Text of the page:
Tag Archives: creativity

The wisdom of a child

I have been working on two pieces of writing this week. My December resolution seems to have done the job, and whilst I haven’t written every day I have relished that blissful state of being immersed in creative writing – though interestingly both pieces have their roots in fact.

One more solidly so: each year at around this time since Arthur was almost one I have written a book about the previous twelve months – lots of photos, and words that attempt to capture the essence of his adventures and how he has grown.

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The first was a chunky board book made by a company in the states. I couldn’t actually find anyone who would create a custom one off in the UK (business opportunity anyone?), so that was pretty expensive… The next two I made myself using blank board book templates. Totally achievable, especially with some sticky-backed printer paper, but more than a little time-consuming.

This year I really couldn’t face the logistics of actually putting the book together, and now that Arthur is old enough that chewing books isn’t generally in his repertoire I figured a standard paperback would be fine. So I went to Blurb, and used their very excellent software to put this year’s book together. It would have been almost entirely painless had I not left it until the last day for ordering to get it delivered in time…

I can’t wait to see it, and to read it with him. It’s interesting for me seeing how these books are developing year on year: there’s a lot of rhyme, and more so this year just because there’s more text in general. There’s also definitely more imagination creeping in, reflecting Arthur’s cognitive growth and understanding. I think as he gets older the foray into metaphors might be quite fun – and there will still be the base pleasure for him of a story that is based on his own experiences.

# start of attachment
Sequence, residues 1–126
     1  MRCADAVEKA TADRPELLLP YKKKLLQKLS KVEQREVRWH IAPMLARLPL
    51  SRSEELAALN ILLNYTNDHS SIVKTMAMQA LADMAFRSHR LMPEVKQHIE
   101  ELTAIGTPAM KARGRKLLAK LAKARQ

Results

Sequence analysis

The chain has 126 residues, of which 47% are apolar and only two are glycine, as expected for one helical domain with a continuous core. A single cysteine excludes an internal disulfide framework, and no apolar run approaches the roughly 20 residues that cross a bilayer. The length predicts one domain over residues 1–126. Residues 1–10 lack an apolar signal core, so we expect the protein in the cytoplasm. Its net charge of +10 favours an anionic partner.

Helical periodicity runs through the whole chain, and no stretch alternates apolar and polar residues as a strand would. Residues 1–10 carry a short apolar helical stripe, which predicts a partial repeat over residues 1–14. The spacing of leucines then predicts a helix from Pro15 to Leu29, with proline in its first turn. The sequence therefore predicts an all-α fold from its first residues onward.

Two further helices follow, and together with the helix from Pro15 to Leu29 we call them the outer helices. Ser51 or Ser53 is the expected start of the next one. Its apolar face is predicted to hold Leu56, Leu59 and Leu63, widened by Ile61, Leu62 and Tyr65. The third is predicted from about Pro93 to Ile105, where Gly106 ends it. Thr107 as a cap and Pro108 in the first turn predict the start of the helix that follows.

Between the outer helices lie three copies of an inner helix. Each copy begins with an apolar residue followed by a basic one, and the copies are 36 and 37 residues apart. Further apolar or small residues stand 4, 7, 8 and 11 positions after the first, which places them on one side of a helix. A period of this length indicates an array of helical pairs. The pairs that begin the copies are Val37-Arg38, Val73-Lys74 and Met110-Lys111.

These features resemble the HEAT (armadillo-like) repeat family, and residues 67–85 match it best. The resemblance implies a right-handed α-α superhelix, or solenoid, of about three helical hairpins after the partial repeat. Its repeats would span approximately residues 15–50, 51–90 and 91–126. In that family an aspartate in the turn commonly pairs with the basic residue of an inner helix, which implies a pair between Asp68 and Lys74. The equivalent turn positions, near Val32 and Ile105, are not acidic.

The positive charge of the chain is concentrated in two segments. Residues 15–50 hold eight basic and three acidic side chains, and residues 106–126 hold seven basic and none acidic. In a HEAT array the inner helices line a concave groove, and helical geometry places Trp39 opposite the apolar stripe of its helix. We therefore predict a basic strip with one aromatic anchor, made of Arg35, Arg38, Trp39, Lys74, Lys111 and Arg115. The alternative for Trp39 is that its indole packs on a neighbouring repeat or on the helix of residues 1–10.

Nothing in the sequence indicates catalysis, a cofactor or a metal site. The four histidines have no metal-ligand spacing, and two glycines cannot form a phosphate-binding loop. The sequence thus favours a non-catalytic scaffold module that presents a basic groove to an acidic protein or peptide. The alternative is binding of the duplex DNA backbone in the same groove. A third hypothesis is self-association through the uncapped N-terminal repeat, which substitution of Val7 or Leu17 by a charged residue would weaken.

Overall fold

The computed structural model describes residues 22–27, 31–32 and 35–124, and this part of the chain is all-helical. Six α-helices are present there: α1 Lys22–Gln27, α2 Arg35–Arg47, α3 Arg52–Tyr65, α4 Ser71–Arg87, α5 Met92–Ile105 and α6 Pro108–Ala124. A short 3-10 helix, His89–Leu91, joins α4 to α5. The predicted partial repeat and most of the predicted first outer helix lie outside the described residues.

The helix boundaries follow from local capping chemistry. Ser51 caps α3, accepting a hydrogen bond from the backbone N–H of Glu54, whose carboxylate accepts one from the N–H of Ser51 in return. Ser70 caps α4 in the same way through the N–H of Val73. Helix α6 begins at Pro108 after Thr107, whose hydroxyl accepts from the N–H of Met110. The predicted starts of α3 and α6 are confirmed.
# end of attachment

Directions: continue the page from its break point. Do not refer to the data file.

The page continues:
The second piece I’ve been writing this week is too, in a way. It was inspired by something Arthur said to me a little while ago – actually woke me up with, as in crept into my room and whispered it into my ear whilst I was still half-asleep. He said “I dreamt this house was the Millennium Falcon, and outside was the entire galaxy”.

Recalling that now I guess I could have taken the story it inspired into a whole intergalactic sci-fi direction, but in fact the world it brought to mind (particularly in the context of those sleepy mornings) was one where a mother and son were trapped, facing seemingly unsurmountable challenges together.

It has an aura of Room about it, but it’s actually closer to 28 Days Later – without the zombies. I really enjoyed the process of writing from a very intimate, domestic starting point and through my characters (who are not exactly me and Arthur) discovering a whole other backdrop to their existence that I had no clue about when I began.

I took the time to plan once I started to realise what was going on, though, so I think I know where things are headed now. One, or maybe two, more sessions and I should have a first draft done – and I’m quite excited about crafting this piece into something submittable.

It’s all been a wonderful reminder of how utterly inspiring hanging out with a little person all day really is. There is no doubt that it’s hard work, and sometimes I find myself wishing that I had more hours in the day that were not filled up with the mundanity of family life.

But it took having a child to finally empower me to realise my dream of becoming a writer: and when I take a moment to stop and reflect on just how magical that child is it is not hard to understand why.

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Lego love

The unschooling diaries: week forty-six

It feels like I’ve been writing about Arthur’s love of lego a lot recently, but it is such an important part of his life at the moment that it’s hard not to.

It’s actually been about six weeks since I first focused on his growing interest in lego in depth, and reading back over where he was then it is quite astonishing how much his play has developed. He has fully embraced his small lego now, and will spend literally hours building increasingly complex creations.

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In terms of our unschooling relationship, it’s a really important development: suddenly spaces have opened up in the rhythm of our day when I know Arthur is actively engaged in something he is passionate about and I can turn my attention elsewhere guilt-free. Occasionally I have to take him along with me to meetings, and now he actually has something to do – something that isn’t entirely reliant on the iPad.

Intermittently he will want to show me something he has created, and we talk through his ideas and how he’s brought them to life, and then he will bounce off to develop something else, new stories and whole worlds emanating from the plastic blocks.